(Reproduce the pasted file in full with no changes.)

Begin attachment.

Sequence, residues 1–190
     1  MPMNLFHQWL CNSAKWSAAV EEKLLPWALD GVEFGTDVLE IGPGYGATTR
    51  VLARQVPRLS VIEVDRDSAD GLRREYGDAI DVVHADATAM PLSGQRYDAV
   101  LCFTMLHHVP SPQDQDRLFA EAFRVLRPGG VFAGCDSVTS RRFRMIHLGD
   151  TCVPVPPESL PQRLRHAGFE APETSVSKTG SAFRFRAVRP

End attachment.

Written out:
Sequence, residues 1–190
     1  MPMNLFHQWL CNSAKWSAAV EEKLLPWALD GVEFGTDVLE IGPGYGATTR
    51  VLARQVPRLS VIEVDRDSAD GLRREYGDAI DVVHADATAM PLSGQRYDAV
   101  LCFTMLHHVP SPQDQDRLFA EAFRVLRPGG VFAGCDSVTS RRFRMIHLGD
   151  TCVPVPPESL PQRLRHAGFE APETSVSKTG SAFRFRAVRP